We (my wife and I) drove him down to rehab, and months later drove him back, where we made room for him in our home as he continued to mend and heal. Though I was involved in assisting my brother during his lengthy period of healing, and dealing with such things as his personal affects at the apartment where the incident occurred (I could still see the blood stains under the 2nd floor balcony), I really had not processed well the whole event, nor was there a sense of closure in any way healing to the family, since his resulting amnesia at the time prevented him from testifying in court, resulting in charges dropped against the three suspects. By the time his memories did slowly return, years later, the perpetrators would already have died violent deaths themselves. But closure for the family, particularly me, remained elusive.

Thus were the circumstances that led me to spend a week in the garage taping a paper-cutout, puppet-like video production loosely based on my brother's story. The results were not great, or even modestly good, but they served to provide not only a mechanism for my internal processing of the event but also led me to explore further this low-fidelity, black-and-white video approach to what could plausibly be termed "experimental video".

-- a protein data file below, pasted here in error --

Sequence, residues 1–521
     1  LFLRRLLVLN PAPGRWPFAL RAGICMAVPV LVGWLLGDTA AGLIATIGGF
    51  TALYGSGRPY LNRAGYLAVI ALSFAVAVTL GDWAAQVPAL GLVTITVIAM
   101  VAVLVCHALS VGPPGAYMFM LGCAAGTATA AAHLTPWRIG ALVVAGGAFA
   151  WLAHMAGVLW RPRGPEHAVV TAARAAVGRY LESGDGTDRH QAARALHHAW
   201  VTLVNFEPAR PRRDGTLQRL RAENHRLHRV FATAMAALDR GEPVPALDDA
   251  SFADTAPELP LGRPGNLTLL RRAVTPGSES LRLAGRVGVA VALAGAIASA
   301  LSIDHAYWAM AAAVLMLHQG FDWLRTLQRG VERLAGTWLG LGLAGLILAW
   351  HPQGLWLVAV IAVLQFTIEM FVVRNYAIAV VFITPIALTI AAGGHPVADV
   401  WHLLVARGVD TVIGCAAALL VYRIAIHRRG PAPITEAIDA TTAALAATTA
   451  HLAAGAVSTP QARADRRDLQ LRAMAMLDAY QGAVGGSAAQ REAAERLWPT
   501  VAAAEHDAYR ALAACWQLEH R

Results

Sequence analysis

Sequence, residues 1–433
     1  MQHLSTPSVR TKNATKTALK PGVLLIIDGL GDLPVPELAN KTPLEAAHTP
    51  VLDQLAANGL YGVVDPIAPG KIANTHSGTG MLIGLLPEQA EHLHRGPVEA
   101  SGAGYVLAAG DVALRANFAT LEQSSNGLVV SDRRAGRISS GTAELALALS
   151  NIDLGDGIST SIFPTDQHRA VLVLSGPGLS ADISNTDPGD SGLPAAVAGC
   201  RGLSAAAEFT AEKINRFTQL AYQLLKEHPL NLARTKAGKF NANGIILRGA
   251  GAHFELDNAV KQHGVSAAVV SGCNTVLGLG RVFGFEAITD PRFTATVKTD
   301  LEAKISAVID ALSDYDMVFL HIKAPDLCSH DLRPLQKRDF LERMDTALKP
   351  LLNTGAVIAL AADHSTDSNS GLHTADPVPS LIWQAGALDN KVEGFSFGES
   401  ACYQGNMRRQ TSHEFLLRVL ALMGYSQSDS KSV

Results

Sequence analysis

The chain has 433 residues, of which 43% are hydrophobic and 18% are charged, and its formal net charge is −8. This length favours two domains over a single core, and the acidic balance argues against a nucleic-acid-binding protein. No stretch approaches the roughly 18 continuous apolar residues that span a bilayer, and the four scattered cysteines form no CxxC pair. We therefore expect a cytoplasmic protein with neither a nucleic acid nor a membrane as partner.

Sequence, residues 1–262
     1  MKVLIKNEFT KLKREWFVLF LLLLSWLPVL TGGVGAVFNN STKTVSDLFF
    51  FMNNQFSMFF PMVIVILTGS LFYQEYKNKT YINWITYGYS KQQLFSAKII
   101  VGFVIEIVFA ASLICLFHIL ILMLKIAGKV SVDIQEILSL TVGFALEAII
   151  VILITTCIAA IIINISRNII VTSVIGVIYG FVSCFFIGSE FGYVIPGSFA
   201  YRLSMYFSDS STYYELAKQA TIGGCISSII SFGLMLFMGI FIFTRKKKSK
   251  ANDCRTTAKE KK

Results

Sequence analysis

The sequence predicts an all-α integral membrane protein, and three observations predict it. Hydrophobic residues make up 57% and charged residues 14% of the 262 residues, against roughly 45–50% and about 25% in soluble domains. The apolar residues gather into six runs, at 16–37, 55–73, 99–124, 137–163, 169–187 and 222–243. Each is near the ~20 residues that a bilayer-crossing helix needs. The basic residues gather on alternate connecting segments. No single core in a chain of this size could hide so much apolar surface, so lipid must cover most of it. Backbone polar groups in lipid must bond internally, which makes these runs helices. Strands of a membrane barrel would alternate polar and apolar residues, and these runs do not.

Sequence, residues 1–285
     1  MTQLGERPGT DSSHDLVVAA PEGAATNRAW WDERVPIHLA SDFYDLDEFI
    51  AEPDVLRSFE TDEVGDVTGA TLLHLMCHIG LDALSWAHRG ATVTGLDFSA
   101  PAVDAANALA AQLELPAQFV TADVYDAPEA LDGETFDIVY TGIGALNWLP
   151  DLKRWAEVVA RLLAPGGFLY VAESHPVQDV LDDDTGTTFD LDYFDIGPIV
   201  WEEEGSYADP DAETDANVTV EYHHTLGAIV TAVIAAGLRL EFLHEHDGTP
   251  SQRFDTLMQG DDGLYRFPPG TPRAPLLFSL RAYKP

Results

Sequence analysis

I had been interested in this genre from having seen Eric Saks' experimental Fisher-Price Pixelvision-derived short "Don From Lakewood". The "quality" of the video (here the term is used merely symbolically) was such that a recognizable image was barely evident, but the combined effects of the sound track (a series of phone calls to a furniture store, requesting that a couch be delivered to a house prior to actual purchase) combined with the quirky set style and puppet characters made for a highly entertaining production. I became convinced that, rather than ride the crest of the bleeding edge of avante-garde newness in film and video technology, I would explore the more serene backwaters, the barely-recognizable-as-valid consumer video formats like VHS; crash-editing from one tape to another, using less-than-consumer-grade video sources like miniature board-style surveillance cameras, and micro-cassette recordings for audio, whose ever-present tape hiss and telephone-quality bandwidth provided for a compatible counterpoint to the grunge-like video itself.